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Jack’s Mid-Missouri Memories: Taking The Drag

Ohio St.You could probably go to any town in the United States and it would have a street the kids call “The Drag”.  The location may change, but never the purpose, which for guys is a place to show off hot cars and meet girls.

Taking the Drag

As shown in the movie ‘American Graffiti,’ teens have always loved to take the drag.   Sedalia’s drag has changed locations since I was a boy the fifties. Back then it was once around Garst Drive-In (the now closed Eddies Drive-In, west on Broadway, around the Wheel Inn (another Icon from my youth that has been replaced by a modern business building), then back to town, north on Ohio Street, west on Main one block, south on Osage, east on Second, and back to Ohio to start all over again.  Some rebels, or non-purest may have tried a different route then this, but the real cruisers did it that way.

The drag changed when downtown changed, and now it is made up of fast food restaurants and shopping centers. The biggest problem with that location is the speed.  How can you cruise for the opposite sex at 40 or 50 miles per hour? The slow easy pace taking the drag used to have gave a boy or girl plenty of time to observe the other cruisers, as well as the people walking along the street or leaning against each other on the street corners.  It has to be hard at highway speed to get a good look at prospective dates, and with the gender bending clothes and hairstyles of today, you might be flirting with disaster.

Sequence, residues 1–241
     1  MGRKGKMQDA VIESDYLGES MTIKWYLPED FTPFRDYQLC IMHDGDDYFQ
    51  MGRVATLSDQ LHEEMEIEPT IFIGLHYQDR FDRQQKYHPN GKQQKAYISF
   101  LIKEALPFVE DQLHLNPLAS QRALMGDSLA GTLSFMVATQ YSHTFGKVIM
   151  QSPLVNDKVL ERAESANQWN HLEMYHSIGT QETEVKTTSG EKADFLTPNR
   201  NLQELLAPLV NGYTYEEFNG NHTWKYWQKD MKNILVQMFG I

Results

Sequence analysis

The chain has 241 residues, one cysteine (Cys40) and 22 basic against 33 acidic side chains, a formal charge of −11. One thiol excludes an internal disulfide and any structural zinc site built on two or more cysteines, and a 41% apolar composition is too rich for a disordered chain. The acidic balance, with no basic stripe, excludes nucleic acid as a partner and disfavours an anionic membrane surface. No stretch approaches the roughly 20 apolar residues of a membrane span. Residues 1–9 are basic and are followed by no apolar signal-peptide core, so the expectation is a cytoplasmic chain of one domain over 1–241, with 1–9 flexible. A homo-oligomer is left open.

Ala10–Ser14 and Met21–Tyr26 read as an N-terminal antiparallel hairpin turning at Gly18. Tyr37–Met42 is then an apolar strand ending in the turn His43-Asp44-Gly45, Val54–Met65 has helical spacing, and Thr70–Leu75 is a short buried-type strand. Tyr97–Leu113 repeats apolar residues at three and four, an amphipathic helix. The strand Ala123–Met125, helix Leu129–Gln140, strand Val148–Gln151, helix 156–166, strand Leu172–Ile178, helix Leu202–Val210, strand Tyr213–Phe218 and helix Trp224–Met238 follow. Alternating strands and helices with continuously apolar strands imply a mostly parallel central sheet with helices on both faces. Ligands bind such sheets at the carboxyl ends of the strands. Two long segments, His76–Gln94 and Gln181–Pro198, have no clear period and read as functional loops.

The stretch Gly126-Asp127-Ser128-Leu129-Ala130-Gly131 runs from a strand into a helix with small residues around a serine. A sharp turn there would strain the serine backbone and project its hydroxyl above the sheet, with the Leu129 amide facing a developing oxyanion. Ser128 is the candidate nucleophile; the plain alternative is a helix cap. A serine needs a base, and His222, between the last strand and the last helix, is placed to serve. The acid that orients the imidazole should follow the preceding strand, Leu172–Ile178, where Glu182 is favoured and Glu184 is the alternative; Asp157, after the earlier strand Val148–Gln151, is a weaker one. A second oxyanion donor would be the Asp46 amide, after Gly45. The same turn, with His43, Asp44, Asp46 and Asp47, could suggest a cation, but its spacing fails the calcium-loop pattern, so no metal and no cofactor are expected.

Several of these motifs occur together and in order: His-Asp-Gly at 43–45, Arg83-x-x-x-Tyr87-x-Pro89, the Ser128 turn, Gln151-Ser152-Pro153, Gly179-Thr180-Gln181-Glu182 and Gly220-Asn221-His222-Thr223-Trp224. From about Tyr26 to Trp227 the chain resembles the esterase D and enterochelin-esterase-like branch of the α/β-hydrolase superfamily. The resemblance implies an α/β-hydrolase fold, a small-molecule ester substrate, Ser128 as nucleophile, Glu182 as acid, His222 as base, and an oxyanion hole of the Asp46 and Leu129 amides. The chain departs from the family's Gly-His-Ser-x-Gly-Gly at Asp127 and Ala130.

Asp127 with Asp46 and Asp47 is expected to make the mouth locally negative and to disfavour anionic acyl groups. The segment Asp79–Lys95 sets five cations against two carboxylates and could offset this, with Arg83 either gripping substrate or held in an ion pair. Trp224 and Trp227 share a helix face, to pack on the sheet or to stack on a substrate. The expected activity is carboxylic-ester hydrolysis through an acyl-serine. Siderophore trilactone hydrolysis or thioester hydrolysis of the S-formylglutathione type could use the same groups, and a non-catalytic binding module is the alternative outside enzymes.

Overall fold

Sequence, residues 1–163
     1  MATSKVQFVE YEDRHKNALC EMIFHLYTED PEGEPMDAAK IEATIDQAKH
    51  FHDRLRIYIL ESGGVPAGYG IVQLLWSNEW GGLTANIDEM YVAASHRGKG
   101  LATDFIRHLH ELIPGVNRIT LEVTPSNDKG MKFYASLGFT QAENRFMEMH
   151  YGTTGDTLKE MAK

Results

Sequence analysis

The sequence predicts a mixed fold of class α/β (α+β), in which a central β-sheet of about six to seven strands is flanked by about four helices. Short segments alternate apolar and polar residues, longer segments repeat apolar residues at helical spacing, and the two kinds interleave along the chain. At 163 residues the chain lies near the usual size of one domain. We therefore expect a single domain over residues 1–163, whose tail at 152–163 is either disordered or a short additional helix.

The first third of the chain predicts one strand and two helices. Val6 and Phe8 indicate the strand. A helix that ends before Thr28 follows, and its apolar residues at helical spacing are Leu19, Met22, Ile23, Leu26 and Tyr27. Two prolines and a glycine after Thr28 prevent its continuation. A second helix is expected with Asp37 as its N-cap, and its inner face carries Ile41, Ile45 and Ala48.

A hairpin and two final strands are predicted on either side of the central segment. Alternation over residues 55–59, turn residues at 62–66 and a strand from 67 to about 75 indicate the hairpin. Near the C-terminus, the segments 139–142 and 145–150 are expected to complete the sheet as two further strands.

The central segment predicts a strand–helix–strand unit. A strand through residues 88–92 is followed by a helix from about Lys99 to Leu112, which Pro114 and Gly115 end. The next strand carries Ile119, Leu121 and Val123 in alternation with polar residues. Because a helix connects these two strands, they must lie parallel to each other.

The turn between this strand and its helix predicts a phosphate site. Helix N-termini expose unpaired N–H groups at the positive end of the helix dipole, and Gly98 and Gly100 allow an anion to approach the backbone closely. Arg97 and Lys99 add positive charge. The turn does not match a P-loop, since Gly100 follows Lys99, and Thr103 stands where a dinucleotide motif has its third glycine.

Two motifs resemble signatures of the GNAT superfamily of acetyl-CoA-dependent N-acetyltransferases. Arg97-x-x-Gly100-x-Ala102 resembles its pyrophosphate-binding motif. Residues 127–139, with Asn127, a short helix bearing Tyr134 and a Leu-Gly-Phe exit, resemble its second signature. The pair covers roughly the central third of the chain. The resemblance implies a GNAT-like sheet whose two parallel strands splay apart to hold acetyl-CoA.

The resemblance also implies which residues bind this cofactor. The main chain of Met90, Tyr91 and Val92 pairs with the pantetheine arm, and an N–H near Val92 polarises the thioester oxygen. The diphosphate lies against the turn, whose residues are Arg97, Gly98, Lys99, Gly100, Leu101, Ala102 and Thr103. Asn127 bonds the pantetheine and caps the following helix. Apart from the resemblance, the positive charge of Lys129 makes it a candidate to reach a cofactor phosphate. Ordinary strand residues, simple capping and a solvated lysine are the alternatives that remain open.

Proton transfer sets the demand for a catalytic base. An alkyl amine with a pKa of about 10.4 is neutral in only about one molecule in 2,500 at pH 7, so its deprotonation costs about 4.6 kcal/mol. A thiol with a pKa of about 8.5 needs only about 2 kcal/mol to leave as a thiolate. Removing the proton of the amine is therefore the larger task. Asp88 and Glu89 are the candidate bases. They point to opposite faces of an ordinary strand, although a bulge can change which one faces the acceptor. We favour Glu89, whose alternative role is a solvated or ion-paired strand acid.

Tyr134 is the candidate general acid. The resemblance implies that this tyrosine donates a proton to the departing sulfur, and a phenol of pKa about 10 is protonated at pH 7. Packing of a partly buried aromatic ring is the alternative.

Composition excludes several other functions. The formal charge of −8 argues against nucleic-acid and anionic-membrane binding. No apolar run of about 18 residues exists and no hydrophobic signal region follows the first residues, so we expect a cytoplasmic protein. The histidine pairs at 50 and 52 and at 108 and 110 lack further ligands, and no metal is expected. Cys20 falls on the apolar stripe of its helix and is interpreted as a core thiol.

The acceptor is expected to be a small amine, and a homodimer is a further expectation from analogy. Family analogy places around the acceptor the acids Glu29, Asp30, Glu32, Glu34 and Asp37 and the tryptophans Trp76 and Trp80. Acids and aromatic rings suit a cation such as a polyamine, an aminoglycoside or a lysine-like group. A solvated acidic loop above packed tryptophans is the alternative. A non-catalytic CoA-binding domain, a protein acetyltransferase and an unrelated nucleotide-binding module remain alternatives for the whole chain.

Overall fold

Now when I drive downtown, I miss the crowds that used to spill over into Ohio Street, especially during the holiday season. In those days, when school was over for the day, high school kids would head for town to have a shake or malt at the Crown Drug Store located at 3rd and Ohio with their current girlfriend or boyfriend. Those of us who had no significant other could be found leaning against the post in front of the drug store, watching those lucky enough to have a car drive by and wish we were riding with them. I think of the Ohio of the ’40s, ’50s and ’60s as a wonderfully chaotic place where shopping was secondary, and the main reason to go downtown was the social atmosphere that filled the streets.

Today, downtown is a more quiet, sedate place where you can actually hear the sound of car tires gripping Ohio Street. I miss those noisy days of honking horns, the laughter of my friends and watching the girls walk by.

I can only hope that the kids of today carry fond memories of their drag days into their older years like my friends and I have. It would be a shame if that American tradition died the way so many things from my youth have.

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